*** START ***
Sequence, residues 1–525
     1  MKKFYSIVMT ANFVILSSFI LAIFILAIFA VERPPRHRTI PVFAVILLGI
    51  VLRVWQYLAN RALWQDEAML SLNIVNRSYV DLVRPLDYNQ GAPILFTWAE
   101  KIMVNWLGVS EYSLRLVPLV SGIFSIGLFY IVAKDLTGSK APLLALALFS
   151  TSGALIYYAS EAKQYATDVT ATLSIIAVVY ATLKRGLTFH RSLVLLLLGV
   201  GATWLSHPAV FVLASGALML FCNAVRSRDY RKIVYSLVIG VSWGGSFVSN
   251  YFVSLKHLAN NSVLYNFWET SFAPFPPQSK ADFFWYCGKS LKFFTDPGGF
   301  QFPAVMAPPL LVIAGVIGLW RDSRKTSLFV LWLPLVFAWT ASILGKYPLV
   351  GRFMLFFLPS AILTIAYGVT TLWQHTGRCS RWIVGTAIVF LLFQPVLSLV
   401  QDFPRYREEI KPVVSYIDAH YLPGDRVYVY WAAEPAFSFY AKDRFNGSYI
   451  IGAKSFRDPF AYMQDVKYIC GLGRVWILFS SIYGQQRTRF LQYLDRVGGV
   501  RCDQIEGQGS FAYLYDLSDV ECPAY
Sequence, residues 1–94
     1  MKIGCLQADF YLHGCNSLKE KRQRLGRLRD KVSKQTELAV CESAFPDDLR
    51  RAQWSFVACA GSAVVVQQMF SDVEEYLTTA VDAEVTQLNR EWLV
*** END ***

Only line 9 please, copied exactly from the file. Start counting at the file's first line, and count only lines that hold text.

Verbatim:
   351  GRFMLFFLPS AILTIAYGVT TLWQHTGRCS RWIVGTAIVF LLFQPVLSLV